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A Florida nurse turned investigative journalist who worked in New York City at the height of the COVID-19 pandemic reported Saturday that she had witnessed negligent practice firsthand in her hospital.

In an interview on "Fox & Friends Weekend" with host Jedediah Bila, Army veteran Erin Marie Olszewski explained it was an "extremely common," "everyday experience" for Queens' Elmhurst Hospital to not properly isolate coronavirus patients.


"And, there was really no reason for that," she remarked. "There were resources that were not being utilized. For instance, the Comfort ship, the Javits Center, and they had Samaritan's Purse. So, we had options that weren't utilized."

According to Olszewski, Elmhurst was also not making use of rapid COVID-19 testing.

"They were using the ones that were sent out which would be a five to 10-day turnaround," she explained. "In the meantime, these patients were put on the floors and they were intermingled with COVID positive and then COVID rule-out patients."

Although new coronavirus cases have gone down in recent months -- with New York City finally entering Phase One of its reopening plan -- the pandemic hit New York harder than any other state.

Elmhurst was one of the epicenters of the virus within New York City. Videos recorded of the situation in the hospital quickly went viral online.

According to data provided by Johns Hopkins University, Queens County, N.Y. has had over 62,700 confirmed cases with around 5,200 deaths. The Wall Street Journal reported Friday that New York's death toll has accounted for seven percent of the world’s deaths and 27 percent of deaths in the United States.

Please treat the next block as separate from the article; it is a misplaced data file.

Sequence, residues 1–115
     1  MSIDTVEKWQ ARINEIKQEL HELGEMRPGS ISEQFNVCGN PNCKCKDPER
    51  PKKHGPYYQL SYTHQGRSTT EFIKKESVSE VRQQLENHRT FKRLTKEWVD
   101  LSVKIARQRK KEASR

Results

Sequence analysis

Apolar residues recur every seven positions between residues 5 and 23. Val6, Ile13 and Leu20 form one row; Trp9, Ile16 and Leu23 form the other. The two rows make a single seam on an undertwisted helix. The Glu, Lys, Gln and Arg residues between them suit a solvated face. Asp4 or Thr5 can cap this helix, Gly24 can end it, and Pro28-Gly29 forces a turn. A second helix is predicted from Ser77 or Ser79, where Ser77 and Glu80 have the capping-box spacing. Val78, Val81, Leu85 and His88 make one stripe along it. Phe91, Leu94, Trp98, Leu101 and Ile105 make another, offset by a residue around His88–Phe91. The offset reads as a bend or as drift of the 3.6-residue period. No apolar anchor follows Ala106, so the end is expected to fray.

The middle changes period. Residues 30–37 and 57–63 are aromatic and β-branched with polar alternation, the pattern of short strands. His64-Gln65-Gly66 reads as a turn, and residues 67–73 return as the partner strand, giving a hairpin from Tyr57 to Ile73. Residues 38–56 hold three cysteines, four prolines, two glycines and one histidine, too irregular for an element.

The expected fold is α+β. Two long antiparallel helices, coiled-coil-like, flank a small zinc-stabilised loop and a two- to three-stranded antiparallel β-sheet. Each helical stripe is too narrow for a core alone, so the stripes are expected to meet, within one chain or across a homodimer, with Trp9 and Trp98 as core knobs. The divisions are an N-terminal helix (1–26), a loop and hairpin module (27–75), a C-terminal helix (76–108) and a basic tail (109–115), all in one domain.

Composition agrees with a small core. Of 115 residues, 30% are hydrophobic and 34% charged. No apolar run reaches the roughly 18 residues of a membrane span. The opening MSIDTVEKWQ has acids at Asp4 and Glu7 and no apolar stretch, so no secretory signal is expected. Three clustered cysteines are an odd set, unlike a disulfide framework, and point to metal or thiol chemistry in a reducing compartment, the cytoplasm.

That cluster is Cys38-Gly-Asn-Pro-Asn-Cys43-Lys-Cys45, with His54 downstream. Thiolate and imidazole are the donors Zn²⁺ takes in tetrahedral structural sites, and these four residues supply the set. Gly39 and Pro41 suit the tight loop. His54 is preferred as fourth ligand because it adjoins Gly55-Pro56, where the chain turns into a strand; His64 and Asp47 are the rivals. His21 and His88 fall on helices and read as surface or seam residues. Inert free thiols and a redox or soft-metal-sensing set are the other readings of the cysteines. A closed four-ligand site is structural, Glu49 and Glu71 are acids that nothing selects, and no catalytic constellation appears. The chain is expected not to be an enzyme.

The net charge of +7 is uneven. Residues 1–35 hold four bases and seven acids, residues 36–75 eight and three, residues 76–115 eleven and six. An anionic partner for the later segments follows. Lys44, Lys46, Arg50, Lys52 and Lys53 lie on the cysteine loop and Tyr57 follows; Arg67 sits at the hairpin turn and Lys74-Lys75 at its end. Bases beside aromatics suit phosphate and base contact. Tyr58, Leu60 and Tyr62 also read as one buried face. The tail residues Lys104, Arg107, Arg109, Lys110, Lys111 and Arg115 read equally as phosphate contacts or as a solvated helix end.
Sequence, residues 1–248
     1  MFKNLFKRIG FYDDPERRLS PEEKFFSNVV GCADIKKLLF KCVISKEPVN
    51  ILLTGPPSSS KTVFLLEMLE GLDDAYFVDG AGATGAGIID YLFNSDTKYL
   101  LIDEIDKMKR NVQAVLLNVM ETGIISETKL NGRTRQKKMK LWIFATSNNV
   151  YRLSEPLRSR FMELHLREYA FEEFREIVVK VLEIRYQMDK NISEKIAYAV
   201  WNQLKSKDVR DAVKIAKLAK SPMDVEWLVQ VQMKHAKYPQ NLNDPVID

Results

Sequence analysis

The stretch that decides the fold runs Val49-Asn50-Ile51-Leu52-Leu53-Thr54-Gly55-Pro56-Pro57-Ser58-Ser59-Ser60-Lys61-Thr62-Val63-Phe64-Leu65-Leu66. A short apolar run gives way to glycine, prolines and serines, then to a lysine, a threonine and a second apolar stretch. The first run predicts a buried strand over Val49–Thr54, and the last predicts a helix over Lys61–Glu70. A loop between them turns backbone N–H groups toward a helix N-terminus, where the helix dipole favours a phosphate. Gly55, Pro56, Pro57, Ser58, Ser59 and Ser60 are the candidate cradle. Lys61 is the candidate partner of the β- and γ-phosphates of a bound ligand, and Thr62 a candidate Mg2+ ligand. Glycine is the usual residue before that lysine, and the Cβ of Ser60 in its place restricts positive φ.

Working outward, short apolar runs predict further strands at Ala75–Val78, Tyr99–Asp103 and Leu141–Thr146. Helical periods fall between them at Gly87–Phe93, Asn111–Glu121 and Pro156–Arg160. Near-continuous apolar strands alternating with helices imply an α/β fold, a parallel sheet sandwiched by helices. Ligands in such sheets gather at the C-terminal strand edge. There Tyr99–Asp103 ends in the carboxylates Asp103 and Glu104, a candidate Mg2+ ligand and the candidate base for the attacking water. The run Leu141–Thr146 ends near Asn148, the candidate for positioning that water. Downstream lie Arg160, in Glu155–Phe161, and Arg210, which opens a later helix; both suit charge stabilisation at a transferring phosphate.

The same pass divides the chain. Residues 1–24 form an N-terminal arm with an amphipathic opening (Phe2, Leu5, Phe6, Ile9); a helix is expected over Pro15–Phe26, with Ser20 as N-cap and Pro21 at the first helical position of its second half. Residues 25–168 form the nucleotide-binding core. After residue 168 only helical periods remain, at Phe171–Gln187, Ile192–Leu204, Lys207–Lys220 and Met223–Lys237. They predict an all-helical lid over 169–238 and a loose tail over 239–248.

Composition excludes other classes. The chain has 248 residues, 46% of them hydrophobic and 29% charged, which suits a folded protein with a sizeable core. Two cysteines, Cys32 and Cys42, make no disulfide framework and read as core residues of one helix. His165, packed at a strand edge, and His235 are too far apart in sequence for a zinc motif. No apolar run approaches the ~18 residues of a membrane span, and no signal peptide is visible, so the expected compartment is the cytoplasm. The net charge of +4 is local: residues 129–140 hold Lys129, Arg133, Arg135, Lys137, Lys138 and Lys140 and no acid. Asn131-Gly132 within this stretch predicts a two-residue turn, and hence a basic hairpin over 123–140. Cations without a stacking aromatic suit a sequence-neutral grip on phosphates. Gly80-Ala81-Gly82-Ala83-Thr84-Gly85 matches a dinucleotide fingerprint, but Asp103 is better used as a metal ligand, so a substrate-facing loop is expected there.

Emergency room nurses gather flowers donated to the hospital staff on a ramp outside Elmhurst Hospital Center's ER after a neighbor dropped them off, Saturday, March 28, 2020. The Queens borough hospital has been heavily taxed treating coronavirus patients in recent weeks. New York leads the nation in the number of cases, according to Johns Hopkins University, which is keeping a running tally. (AP Photo/Kathy Willens)

"So, in New York, the doctors were not able to prescribe the hydroxychloroquine. And, the main treatment in New York City in Elmhurst Hospital was to essentially put these patients on a vent. And, they really refused to try any alternative treatments even though they were successful in other states," Olszewski told Bila. "For example, I’m from Florida. My hospital was successfully treating patients with the hydroxychloroquine and the zinc with a completely different number of deaths."

Hydroxychloroquine -- an antimalarial drug once heralded as a miracle cure -- has been embroiled in controversy since President Trump brought it into the discussion. The president would later admit to reporters that he was taking it himself.

On June 4, the Lancet, a respected medical journal, retracted a high-profile study which suggested that hydroxychloroquine increased the death rate in hospitals when taken by those with COVID-19. The report had led the World Health Organisation to halt its trials of the drug.

Lastly, Olszewski took a swipe at Democratic Gov. Andrew Cuomo's initial response to the pandemic's grip on the Big Apple.

"Think early on, and this is my opinion, Governor Cuomo requested all these vents -- 30,000 vents back in March," she pointed out. "How he would know that we would need 30,000 vents beats me. All I know is I feel that they felt the need to use them in order to be correct and not look bad."

"And that was at the patients’ expense," she concluded.


A YouTube video produced by Journeyman Pictures sharing Olszewski's experience was released on Tuesday. Since its release, health workers like Turntable Health founder Dr. Zubin Damania -- or ZDoggMD on YouTube -- have refuted her claims, calling her a conspiracy theorist and anti-vaxxer with a personal agenda.

There is now a petition demanding an investigation into her career.